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How to boost financial wellbeing in your employees


When your employees are stressed about money, they’re less able to concentrate on their work, which can lead to an overall drop in productivity. Taking steps to boost the financial wellbeing of your staff is well worth the investment if you want your business to be successful.

Financially healthy employees will feel better and work harder - and you’ll also increase staff retention by demonstrating that you’re a responsible and caring employer.

Keep reading for some simple tips on encouraging financial wellbeing at your workplace.

1. Run workshops on budgeting and saving

Running educational workshops and talks is one of the best ways to increase financial wellbeing amongst your workforce. Whether you’re helping staff to understand pension schemes, sift through betterment reviews, or just budget their weekly expenses a little better, you’ll be improving their financial know-how and showcasing your commitment to employee education.

If you run a large organization with a finance department, you could ask for volunteers to give talks on their areas of expertise. Alternatively, you could pay external providers to put on talks and workshops or pay for employees to attend events outside the workplace.

It’s a good idea to ask staff what they would benefit from the most before you arrange workshops, or you could end up missing the mark.

2. Know where to refer employees struggling with debt

Creating an atmosphere where employees feel able to open up to you is really important - and so is having the right resources to help people.

If a member of staff comes to you with a severe debt issue, you might not feel qualified to offer advice yourself. Instead, you should keep the details of local charities, online resources, and helplines which you can signpost struggling employees to. The resources you choose will vary depending on your location, so it’s smart to put together your own list to keep easily available.

Debt isn’t something most employers can help with directly, but they can refer employees to the right support services.

3. Offer vouchers and discounts as incentives for good work

Got a busy period and need staff to work a little harder than usual? Or just want to show that you appreciate the efforts of your most dedicated employees?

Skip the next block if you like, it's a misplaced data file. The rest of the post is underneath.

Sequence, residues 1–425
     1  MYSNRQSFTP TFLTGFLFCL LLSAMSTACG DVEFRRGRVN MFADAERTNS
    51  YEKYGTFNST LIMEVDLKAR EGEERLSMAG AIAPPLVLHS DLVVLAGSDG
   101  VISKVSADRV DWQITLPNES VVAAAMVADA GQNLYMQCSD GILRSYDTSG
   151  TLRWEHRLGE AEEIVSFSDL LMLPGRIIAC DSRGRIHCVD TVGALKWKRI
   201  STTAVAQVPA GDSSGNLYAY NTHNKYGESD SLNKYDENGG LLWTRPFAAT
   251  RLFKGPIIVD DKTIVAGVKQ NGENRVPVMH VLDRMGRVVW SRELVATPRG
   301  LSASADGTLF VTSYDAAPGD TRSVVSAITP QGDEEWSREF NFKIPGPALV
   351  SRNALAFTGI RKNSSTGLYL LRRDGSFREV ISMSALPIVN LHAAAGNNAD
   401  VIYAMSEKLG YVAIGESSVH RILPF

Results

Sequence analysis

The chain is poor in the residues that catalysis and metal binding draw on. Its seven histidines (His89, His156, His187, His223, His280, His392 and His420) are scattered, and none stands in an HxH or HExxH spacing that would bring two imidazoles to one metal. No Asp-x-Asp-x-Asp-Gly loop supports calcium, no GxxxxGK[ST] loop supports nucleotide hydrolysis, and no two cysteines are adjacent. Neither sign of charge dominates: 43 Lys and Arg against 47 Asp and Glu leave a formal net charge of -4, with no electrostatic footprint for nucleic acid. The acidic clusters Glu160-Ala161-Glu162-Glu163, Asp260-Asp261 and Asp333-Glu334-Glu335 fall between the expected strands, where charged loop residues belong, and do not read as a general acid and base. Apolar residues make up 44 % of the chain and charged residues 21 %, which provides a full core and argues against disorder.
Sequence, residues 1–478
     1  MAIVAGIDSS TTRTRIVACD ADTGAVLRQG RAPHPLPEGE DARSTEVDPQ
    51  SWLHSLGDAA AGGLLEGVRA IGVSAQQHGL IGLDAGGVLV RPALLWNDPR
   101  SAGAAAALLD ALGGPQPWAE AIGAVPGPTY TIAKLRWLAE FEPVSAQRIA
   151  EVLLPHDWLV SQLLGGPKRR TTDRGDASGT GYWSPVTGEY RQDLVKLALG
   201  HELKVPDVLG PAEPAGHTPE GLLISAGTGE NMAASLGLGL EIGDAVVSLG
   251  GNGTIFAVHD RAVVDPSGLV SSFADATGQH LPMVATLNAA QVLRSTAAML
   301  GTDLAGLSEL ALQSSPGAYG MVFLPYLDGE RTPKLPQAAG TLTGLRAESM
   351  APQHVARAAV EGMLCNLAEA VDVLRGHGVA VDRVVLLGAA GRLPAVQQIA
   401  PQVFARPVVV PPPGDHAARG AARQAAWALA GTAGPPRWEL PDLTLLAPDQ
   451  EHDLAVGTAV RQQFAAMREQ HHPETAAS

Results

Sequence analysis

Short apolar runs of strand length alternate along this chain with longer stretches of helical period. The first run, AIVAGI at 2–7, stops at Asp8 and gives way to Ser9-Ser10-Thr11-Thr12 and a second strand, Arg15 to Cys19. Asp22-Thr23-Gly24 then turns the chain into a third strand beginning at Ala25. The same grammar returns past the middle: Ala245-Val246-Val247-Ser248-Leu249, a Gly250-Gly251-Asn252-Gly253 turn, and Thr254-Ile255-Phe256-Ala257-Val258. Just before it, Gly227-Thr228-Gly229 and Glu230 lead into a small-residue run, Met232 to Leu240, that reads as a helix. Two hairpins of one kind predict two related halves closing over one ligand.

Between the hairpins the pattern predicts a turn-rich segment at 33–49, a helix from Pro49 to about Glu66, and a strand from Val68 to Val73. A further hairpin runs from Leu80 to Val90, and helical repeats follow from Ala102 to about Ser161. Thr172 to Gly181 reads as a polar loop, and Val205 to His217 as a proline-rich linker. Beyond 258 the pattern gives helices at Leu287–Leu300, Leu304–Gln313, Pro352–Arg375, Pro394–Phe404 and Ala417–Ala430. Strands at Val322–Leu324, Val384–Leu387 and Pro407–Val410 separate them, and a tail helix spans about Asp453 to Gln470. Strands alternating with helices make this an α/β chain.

Offering vouchers and discounts as rewards for good work is a great way to recognize staff and help them out financially. The best vouchers are those which can be used at a wide variety of stores or spent on essential items like groceries and fuel, rather than vouchers for days out or experiences which staff might not have chosen themselves.

Employee reward schemes encourage hard work, boost company morale, and contribute to the financial wellbeing of your staff, making them really valuable.

4. Recognize the unique needs of your workforce

No matter which of the above tips you choose to follow, it’s really important to recognize the unique needs of your workforce.

If you hire lots of millennials, there’s a good chance that workshops on topics like budgeting and saving to purchase a first home will go down well. If your workforce is made up of the older generation, information on pension schemes might be more suitable.

When considering the kinds of discounts and vouchers to offer staff as rewards, it’s important to think about where they actually shop. A workforce made up of middle-aged men might not appreciate tons of vouchers for beauty products, for example.

If you’re ever in doubt when planning a new financial wellness scheme, ask your employees what they think. They might have valuable insights that never would have occurred to you.

Why bother thinking about financial wellbeing?

Your employees aren’t at their best when they’re worrying about finances.

Offer a helping hand by arranging workshops, signposting employees to local debt help resources, putting together a reward scheme, and asking staff what they need. You’ll soon see an increase in both morale and productivity.


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